Fans find it’s the same old story

Takeovers and trophies, success and struggle, it has been another eventful year for North-East sport.

Takeovers and trophies, success and struggle, it has been another eventful year for North-East sport. Chief Sports Writer Paul Gilder reviews a tumultuous 2007

NEW beginnings and fresh starts should have defined the North-East’s sporting year, but for the region’s top-flight football supporters, the stories told in 2007 proved to be the same old ones.

Under-performance and under-achievement, great expectations and dashed dreams. The last 12 months have promised so much, but delivered so little.

The theme is a familiar one for all those who hold Newcastle United and Sunderland close to their hearts. Supporters on both sides of the Tyne-Wear divide will hope 2008 belongs to them, yet with each year that passes, it seems a little more optimism evaporates.

The changes have been legion at St James’s Park but still old trends endure. The manager is under intense pressure, the team lurching from one disaster to the next. The names are different, but old habits are proving impossible to break.

From Freddie Shepherd to Chris Mort, from Glenn Roeder to Sam Allardyce, this should be a different, revitalised Newcastle United. But frustrating facets remain, and the club preparing for 2008 feels too much like the one that started 2007 for comfort. It has been a momentous year on Tyneside, although the drama has occurred far from the St James’s Park pitch. It has been a year about boardrooms rather than dressing rooms, a year about businessmen rather than sportsmen, a year about finances rather than football.

That Roeder lost his job came as little surprise, so ill-equipped had he proved for Premier League management. That the club’s long-serving chairman soon followed had not been foreseen.

From the moment Mike Ashley’s offer for Sir John Hall’s decisive shareholding was accepted, Shepherd’s position was a precarious one. His initial response was as brusque and bullish as always, but change was in the air.

The man long used to doing the hiring and firing was himself removed from office. The end was unceremonious, although he left clutching a £40m sweetener. Not bad given that his 15-year spell at St James’s Park had failed to produce the silverware craved by so many for so long. Allardyce’s appointment as Roeder’s replacement proved to be Shepherd’s last significant act as the club’s chairman. From the hopeless to the hapless, managerial change has, once more, failed to inspire improvement. It remains to be seen what the future holds for the former Bolton boss, but should 2008 start like 2007 has ended, the association could be a shortlived one.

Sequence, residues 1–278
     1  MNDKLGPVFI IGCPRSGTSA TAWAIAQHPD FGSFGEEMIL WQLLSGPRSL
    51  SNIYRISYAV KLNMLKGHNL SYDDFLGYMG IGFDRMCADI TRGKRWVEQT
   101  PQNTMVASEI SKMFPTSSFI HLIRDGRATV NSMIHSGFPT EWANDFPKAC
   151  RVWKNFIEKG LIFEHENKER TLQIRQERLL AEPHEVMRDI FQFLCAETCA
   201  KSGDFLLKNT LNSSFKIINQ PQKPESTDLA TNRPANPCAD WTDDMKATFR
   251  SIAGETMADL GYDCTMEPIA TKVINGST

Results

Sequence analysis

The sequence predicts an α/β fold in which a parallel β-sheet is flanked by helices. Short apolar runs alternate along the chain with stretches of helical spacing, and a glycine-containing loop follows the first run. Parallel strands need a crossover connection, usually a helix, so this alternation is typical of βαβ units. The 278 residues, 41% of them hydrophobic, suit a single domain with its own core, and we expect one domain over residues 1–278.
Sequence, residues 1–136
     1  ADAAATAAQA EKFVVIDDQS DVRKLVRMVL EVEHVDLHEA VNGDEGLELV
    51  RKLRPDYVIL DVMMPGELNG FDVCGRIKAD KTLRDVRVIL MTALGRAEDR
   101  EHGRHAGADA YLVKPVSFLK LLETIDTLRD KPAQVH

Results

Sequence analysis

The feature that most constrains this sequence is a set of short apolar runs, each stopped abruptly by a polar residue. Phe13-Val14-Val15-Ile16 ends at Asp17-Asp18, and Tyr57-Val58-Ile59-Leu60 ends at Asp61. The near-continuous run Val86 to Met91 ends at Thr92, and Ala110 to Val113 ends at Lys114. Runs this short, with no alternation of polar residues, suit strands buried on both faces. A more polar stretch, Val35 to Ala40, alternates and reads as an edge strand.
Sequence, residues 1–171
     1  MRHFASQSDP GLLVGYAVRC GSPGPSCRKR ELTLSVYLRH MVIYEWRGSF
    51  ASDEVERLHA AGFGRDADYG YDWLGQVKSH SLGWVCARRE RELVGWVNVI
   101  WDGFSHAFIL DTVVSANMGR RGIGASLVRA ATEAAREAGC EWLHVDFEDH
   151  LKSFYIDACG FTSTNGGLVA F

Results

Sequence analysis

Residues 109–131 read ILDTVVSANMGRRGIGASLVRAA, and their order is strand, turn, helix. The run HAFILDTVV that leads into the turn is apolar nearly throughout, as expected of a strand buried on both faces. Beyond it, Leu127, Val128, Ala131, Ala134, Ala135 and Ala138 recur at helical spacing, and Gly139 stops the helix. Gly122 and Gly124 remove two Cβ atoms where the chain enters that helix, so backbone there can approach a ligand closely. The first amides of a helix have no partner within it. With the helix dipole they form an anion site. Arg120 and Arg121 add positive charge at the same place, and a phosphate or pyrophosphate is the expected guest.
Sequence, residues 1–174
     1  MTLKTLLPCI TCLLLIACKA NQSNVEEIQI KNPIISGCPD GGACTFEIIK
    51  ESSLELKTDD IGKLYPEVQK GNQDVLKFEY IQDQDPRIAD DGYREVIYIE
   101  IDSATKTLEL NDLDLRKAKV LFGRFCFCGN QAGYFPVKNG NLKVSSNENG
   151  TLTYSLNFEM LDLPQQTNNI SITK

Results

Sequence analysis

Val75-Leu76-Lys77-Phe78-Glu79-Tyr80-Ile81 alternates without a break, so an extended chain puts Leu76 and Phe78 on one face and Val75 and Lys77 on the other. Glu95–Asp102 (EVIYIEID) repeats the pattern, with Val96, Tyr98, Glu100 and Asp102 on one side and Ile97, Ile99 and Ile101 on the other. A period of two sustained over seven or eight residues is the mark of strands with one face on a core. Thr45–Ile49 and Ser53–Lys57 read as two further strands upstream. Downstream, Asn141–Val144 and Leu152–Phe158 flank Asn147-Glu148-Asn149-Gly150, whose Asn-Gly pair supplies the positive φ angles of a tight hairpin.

This is, after all, Newcastle United and, unlike the years, it seems some things never change.

Sunderland have at least enjoyed some success, although Luton feels like a long, long time ago. It was there, at Kenilworth Road on May 6, that the Black Cats secured the Championship title, but the winning feeling has since been forgotten and the celebrations, like the champagne, gone flat. Relegated in 2003 and 2006, the Wearsiders have done little to suggest that 2008 can be different. Too good for the Football League, ill-prepared for the Premier, their efforts thus far can inspire little optimism that an unfortunate trend can be bucked.

It was supposed to be different this time, but the “magic carpet” Niall Quinn promised remains on the ground. Sunderland have become renowned as English football’s foremost yo-yo club in recent years. Such a reputation remains.

Roy Keane’s confidence remains intact, but there is little doubt that a man without peers as a Premier League player has found top-flight management to be rather more difficult. Be it recruitment or results, the Irishman has been forced to get used to things going against him in recent months.